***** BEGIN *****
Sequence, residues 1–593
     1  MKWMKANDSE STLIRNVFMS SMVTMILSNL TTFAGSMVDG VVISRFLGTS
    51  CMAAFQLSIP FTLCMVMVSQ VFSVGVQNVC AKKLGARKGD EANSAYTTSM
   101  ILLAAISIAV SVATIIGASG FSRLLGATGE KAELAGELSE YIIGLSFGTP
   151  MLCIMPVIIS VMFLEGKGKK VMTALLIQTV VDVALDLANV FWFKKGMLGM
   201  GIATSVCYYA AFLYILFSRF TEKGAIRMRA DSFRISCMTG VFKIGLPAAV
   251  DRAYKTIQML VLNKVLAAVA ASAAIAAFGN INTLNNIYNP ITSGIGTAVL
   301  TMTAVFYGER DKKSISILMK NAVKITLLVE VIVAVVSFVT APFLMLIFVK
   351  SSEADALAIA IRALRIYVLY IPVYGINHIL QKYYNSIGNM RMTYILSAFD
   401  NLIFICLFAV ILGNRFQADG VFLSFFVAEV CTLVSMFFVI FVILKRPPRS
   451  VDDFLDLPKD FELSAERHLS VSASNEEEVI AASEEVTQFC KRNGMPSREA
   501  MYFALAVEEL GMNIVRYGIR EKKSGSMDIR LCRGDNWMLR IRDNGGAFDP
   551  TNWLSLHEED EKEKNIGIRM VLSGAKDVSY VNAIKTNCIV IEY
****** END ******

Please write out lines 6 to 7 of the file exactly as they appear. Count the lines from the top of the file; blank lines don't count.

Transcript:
   201  GIATSVCYYA AFLYILFSRF TEKGAIRMRA DSFRISCMTG VFKIGLPAAV
   251  DRAYKTIQML VLNKVLAAVA ASAAIAAFGN INTLNNIYNP ITSGIGTAVL